ATTORNEY GENERAL SUTHERS WARNS POTENTIAL FLOOD LOOTERS TO EXPECT HARSH SENTENCES

 Cautions Coloradans not to Fall Victim to Flood-Related Scams

DENVER—Colorado Attorney General John Suthers warned any potential looters of homes or property impacted by the floods to expect lengthy prison sentences for their crimes. 

“While accounts of looting are minimal, and that is good news, my message to any would be looter is to expect a harsh penalty for committing such an abhorrent crime,” said Suthers. “In the case of the Waldo Canyon fire, one looter received a 48-year prison sentence and another was sentenced to 72-years,” noted Suthers.  

In addition, the Attorney General’s Office is reminding consumers that the recent state floods has the potential to bring out scam artists who exploit natural disasters to take advantage of people. Typically, the scams are on two fronts: charitable giving and home repairs.  

“The floods will bring out the best in most, but unfortunately the worst in others,” said Suthers. “After enduring this natural disaster, I am reminding Coloradans that scammers are out there and that consumer awareness is the most powerful tool we have to prevent victimization.”

The best way to contribute to the flood-relief efforts is through HelpColoradoNow.org  an initiative that brings together government agencies and non-profit organizations to assist communities affected by disasters. To ensure that a charitable contribution is truly helping disaster victims, Coloradans should visit www.checkthecharity.com to ensure their donation is going to a legitimate organization registered with the state.

After the immediate hazards of a natural disaster subside, other problems typically arise regarding roofing and home repair scams. A typical scenario involves an uninvited door-to-door solicitation from a contractor claiming to have a “special price” on roofing, siding, windows, asphalt, etc. The person will pressure the homeowner into acting “right now” and demand all or most of the price be paid up front. Upon receipt of payment, the “contractor” will usually disappear having performed little or none of the promised work or the work done is of poor quality.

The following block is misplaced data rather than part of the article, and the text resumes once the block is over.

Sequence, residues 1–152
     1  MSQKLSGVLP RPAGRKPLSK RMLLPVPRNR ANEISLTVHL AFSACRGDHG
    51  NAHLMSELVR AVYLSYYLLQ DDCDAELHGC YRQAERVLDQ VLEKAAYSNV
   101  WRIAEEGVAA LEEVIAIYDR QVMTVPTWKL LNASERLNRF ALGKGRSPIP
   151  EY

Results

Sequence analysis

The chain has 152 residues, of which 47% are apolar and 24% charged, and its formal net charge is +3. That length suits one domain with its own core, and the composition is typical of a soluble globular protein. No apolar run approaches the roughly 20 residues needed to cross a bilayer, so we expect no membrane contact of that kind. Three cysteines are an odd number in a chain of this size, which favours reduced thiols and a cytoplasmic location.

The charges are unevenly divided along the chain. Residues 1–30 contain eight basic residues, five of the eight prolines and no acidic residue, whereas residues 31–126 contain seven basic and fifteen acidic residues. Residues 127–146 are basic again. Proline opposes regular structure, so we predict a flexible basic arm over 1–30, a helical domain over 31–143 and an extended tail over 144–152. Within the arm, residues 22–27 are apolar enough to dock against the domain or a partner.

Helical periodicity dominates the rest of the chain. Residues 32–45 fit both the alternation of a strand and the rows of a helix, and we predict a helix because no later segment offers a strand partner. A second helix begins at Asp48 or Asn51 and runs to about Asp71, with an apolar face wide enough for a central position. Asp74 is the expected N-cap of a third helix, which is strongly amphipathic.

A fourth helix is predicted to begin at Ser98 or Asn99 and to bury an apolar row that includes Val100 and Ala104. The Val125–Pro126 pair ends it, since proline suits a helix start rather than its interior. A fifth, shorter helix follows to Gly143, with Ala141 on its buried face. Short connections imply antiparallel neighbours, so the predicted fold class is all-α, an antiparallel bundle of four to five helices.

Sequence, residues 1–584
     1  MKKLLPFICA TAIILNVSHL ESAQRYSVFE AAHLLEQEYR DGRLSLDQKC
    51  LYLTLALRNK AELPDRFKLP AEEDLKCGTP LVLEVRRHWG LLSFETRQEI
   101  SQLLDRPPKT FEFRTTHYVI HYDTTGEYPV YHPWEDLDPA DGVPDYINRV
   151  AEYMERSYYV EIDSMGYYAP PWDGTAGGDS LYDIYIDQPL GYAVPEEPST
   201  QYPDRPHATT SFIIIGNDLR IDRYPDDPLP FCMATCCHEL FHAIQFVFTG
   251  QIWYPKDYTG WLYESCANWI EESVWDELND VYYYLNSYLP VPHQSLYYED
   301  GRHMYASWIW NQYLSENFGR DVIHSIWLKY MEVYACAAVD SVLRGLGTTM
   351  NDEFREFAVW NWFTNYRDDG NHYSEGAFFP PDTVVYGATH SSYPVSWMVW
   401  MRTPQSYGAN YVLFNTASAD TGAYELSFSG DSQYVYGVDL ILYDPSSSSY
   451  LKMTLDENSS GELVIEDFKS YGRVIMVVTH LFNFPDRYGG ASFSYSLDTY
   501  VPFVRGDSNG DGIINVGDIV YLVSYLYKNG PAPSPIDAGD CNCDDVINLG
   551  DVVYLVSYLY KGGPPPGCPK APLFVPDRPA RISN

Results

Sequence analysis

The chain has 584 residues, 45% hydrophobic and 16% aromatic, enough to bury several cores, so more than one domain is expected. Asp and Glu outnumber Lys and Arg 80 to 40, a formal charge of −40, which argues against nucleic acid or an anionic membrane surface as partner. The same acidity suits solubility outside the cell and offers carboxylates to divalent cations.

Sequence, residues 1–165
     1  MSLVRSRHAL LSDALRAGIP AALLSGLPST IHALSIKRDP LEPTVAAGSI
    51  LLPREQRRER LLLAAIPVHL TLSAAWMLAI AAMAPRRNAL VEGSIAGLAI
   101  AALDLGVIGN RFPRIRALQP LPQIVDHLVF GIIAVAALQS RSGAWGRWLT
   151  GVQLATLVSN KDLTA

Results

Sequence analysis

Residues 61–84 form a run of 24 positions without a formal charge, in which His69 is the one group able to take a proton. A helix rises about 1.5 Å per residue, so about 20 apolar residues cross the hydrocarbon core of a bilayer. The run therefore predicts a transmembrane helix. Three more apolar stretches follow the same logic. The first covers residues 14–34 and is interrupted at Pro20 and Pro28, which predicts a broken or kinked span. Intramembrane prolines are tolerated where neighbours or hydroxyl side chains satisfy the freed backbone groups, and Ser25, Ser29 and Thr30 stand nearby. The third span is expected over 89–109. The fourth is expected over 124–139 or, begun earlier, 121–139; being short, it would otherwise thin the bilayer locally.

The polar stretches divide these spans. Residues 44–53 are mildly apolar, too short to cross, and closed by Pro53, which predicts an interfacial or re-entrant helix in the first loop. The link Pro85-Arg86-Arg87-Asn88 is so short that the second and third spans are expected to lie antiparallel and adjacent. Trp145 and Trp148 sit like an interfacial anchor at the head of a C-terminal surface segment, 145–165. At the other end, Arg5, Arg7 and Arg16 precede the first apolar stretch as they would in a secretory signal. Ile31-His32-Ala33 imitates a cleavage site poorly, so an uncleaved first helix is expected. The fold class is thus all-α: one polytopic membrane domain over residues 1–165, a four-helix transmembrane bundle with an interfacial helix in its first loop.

To guard against fraud, Coloradans are reminded to:

  • Never allow an uninvited contractor into their home to “look around” or make an “inspection.”
  • Never get pressured into making an immediate decision whether to hire a contractor to do any work on your home.
  • Before spending any significant amount of money on home repairs, obtain bids from at least three different contractors.
  • Demand that your final selection sign a written contract that spells out when the work will be started, the quality and type of all materials to be used, and when the work will be completed. Insist on making partial payments under the contract as specific work is completed to your satisfaction.
  • Require your contractor to obtain mechanic’s lien waivers from all suppliers and subcontractors.

If someone believes he or she has been defrauded or victimized by a business or nonprofit, they are encouraged to file a report by visiting www.coloradoattorneygeneral.gov/complaint or by calling 800-222-4444.Consumers may also sign up to receive the Consumer Fraud Bulletin for year-round communications.

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